Mr G has a history of serious trauma and mental illness and has been receiving psychiatric care for a number of years. The 34 year old was previously taking a high daily dose of an antidepressant but was successfully weaned off.
Mr G attends an appointment with his consultant psychiatrist Dr A and asks if he can go back to taking the antidepressant, saying he is struggling without it. He says he has tried to get prescriptions from other doctors and thinks it’s unfair he is being forced to cope without it. He adds that he has had “no choice” but to buy antidepressant pills off the internet.
Dr A warns Mr G of the dangers of buying medication online and assures him that it would not be clinically indicated to revert to high-dose antidepressant use. Previously, Mr G had been taking almost twice the BNF’s recommended limit. Dr A explains that at present the best approach would be to focus on psychological interventions.
Mr G disagrees and insists that he “needs” his medication and walks out of the consultation.
Dr A contacts MDDUS for advice on how best to proceed.
An MDDUS medico-legal adviser (MLA) speaks to Dr A and highlights key elements of the General Medical Council’s guidance, Good practice in prescribing and managing medicines and devices. It states (at paragraph 98): “You are responsible for any prescription you sign, including repeat prescriptions for medicines initiated by colleagues, so you must make sure that any repeat prescription you sign is safe and appropriate.”
It also provides advice (at paragraph 51) on handling patient requests for medicine you don’t think will benefit them. In these situations, the GMC says doctors should explore the reasons for the patient’s request, their understanding of what it would involve and their expectations about the likely outcome.
The guidance is clear that, if after discussion a doctor still thinks the treatment or care would not serve the patient’s needs, they should not provide it. The doctor should explain their reasons to the patient and explore other options that might be available, including the patient’s right to seek a second opinion.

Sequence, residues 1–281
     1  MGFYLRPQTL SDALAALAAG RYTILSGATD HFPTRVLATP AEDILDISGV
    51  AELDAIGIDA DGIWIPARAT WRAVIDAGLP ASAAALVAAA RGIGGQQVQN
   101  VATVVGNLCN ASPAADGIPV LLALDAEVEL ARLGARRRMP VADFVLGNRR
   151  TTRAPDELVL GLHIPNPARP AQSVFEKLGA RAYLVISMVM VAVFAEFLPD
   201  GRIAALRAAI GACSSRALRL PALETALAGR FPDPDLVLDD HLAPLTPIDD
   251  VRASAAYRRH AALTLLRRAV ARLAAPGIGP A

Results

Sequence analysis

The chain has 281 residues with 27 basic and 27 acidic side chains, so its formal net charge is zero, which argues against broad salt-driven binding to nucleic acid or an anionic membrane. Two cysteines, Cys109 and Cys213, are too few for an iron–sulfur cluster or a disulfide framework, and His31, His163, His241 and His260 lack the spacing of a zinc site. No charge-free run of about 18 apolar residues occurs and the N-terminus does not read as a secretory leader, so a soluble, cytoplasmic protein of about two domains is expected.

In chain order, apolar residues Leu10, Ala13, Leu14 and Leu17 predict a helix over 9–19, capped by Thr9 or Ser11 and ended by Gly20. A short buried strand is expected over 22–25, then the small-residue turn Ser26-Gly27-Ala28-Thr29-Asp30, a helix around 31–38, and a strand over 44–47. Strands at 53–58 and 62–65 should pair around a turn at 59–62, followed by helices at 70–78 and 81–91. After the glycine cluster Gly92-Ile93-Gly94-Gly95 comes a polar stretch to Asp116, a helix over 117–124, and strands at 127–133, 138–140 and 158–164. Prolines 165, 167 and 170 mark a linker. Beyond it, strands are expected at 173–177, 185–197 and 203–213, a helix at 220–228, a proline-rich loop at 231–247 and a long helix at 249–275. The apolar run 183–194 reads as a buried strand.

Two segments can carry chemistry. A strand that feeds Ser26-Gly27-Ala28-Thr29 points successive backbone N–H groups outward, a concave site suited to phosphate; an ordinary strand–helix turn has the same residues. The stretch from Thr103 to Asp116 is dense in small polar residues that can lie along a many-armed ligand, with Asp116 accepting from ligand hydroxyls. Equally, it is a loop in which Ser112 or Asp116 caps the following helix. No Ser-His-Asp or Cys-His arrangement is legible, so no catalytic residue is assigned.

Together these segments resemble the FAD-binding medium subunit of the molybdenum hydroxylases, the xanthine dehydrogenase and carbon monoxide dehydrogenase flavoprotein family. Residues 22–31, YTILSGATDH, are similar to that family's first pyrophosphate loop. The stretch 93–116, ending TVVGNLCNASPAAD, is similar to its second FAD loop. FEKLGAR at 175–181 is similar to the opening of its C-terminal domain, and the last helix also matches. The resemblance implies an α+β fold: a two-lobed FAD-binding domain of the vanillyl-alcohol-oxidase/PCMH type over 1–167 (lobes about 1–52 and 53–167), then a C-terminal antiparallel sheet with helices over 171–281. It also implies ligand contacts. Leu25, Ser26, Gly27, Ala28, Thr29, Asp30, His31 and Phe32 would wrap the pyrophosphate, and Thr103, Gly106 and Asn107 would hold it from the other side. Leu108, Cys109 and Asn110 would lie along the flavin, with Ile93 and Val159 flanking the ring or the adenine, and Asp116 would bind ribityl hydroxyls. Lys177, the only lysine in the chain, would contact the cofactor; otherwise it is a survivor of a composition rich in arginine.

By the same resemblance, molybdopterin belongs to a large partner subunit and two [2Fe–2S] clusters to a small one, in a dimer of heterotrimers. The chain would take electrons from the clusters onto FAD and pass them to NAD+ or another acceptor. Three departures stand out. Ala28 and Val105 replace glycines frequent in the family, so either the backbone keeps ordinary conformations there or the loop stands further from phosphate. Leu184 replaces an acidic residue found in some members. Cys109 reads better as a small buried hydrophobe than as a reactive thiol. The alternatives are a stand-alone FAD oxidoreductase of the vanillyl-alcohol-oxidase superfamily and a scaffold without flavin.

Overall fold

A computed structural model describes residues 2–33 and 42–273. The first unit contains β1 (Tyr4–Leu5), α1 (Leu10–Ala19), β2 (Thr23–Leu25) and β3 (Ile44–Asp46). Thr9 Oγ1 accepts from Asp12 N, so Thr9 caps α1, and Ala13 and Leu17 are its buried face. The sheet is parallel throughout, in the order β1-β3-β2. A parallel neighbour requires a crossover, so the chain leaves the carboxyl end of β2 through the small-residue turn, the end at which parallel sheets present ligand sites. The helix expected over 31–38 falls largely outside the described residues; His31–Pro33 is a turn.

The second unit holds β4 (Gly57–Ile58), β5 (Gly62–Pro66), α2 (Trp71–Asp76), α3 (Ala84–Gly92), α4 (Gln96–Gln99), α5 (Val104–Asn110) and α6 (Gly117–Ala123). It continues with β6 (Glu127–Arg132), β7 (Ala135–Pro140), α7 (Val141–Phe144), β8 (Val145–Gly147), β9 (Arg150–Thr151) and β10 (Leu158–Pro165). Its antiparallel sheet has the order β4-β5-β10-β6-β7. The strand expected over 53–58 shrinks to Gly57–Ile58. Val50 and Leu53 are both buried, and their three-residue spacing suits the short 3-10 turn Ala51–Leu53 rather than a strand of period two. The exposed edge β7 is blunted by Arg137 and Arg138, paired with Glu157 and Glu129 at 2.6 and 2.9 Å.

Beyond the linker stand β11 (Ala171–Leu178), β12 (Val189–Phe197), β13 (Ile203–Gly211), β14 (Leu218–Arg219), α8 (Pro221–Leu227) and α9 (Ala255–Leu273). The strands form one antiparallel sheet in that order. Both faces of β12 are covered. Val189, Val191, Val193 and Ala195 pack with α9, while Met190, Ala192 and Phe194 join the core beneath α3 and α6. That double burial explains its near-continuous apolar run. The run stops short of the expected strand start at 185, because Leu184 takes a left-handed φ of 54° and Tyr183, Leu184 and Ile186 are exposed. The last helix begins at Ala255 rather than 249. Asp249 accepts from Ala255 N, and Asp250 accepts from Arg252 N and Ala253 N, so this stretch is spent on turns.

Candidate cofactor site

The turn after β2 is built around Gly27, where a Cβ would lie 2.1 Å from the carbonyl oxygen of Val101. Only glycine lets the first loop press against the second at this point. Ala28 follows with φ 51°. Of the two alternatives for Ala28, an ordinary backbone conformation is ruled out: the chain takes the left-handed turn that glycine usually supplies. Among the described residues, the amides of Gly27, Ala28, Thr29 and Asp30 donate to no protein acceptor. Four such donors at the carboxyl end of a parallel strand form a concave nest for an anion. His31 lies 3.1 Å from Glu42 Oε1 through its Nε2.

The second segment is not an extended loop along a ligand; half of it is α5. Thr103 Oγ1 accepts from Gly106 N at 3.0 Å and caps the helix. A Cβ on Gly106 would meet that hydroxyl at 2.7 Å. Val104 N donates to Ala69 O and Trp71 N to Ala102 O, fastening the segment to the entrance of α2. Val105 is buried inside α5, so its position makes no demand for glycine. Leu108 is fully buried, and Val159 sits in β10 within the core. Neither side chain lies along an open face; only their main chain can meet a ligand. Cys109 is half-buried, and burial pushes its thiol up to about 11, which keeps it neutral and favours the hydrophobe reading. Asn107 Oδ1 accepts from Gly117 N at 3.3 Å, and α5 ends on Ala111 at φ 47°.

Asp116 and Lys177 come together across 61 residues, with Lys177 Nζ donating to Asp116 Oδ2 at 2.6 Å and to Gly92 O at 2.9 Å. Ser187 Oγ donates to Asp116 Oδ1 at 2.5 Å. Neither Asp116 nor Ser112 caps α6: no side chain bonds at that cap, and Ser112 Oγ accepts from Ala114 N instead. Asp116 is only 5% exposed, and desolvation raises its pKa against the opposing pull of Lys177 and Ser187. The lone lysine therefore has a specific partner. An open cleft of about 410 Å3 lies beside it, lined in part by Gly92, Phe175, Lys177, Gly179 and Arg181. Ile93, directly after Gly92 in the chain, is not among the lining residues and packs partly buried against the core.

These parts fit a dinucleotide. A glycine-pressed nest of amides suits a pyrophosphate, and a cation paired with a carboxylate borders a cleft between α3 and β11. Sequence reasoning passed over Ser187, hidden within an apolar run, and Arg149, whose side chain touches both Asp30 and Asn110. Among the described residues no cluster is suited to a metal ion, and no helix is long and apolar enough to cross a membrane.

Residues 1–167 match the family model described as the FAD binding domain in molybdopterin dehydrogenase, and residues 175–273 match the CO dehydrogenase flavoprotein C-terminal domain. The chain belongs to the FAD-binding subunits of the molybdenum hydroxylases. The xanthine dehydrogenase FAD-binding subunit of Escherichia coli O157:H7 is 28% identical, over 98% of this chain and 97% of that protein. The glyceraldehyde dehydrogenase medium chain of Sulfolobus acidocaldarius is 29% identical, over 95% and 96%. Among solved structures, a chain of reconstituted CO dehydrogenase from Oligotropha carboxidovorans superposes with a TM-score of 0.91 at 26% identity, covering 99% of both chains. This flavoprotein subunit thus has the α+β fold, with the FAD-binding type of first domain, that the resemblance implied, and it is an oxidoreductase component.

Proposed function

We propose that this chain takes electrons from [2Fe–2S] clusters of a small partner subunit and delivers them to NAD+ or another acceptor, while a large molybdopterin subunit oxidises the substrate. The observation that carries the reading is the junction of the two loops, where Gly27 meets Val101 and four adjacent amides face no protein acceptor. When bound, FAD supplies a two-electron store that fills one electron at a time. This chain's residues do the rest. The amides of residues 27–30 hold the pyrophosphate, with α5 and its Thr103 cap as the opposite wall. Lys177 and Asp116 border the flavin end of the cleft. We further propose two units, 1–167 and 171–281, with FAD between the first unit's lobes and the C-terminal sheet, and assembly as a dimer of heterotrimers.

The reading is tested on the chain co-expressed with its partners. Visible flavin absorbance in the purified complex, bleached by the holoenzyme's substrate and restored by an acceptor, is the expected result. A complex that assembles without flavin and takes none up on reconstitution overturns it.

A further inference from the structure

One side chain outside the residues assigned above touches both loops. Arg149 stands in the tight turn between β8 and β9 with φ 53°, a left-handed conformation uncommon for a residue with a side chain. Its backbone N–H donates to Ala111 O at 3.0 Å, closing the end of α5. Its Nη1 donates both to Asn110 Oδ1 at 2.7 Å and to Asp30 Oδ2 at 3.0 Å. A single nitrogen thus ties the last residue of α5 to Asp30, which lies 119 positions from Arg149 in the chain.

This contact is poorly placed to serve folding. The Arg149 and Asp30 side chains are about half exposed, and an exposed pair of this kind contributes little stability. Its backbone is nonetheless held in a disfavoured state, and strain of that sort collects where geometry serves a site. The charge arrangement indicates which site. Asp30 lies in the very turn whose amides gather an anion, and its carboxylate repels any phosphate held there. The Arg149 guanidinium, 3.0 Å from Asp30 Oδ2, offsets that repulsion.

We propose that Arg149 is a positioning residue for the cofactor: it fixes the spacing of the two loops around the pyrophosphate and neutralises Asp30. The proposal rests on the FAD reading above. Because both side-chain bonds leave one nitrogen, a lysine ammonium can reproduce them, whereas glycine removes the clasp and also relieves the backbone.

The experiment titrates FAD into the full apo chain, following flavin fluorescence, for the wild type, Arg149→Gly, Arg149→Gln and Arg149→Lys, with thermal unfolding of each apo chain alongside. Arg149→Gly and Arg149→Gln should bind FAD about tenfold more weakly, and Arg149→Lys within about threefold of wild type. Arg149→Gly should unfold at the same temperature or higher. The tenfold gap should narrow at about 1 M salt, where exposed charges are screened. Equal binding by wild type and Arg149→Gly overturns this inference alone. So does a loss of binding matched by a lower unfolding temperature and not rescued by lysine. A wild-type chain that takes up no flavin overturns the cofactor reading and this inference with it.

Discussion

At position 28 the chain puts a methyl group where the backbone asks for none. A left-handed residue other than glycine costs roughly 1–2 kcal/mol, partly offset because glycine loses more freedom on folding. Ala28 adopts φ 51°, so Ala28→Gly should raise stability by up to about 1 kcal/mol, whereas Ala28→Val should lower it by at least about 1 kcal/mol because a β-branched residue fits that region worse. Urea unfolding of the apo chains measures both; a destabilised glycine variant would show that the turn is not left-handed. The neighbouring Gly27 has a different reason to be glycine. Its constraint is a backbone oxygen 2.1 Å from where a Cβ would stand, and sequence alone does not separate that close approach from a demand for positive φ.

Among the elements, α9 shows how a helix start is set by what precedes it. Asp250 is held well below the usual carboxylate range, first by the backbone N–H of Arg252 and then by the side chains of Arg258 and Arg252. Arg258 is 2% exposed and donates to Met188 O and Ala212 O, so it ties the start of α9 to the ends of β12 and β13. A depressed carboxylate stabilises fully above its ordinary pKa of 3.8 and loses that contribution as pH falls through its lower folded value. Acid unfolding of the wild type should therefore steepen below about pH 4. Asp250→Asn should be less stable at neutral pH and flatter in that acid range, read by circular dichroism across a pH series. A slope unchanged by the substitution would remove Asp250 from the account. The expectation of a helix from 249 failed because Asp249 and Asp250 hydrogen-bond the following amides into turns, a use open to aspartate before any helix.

The MLA advises Dr A that she should not let Mr G coerce her into prescribing a dose of medication that she does not believe is appropriate or serves his needs.
Given that Mr G walked out of the consultation, Dr A may feel there has been little chance to adequately discuss with him the reasoning behind her decision not to prescribe further antidepressants, and also to discuss other interventions or medications that might benefit him.
Dr A is advised to invite Mr G back for a further appointment. Should he refuse to attend then the salient points can be set out for him in writing, including his right to seek a second opinion.
With regard to concerns over Mr G buying medication online, Dr A should be satisfied that she has fully explained the health risks of doing so and that he understands her reasoning. This discussion should be clearly documented in the patient record. Assuming Mr G has capacity, it is ultimately his decision.
- Doctors are responsible for any prescription they sign and must be sure any treatment is safe and appropriate.
- If a patient disagrees with a treatment decision, discuss the matter with them and do your best to help them understand your reasoning.
- The GMC is clear that (following discussion with the patient) doctors should not provide treatment or care if they believe it would not serve the patient’s needs.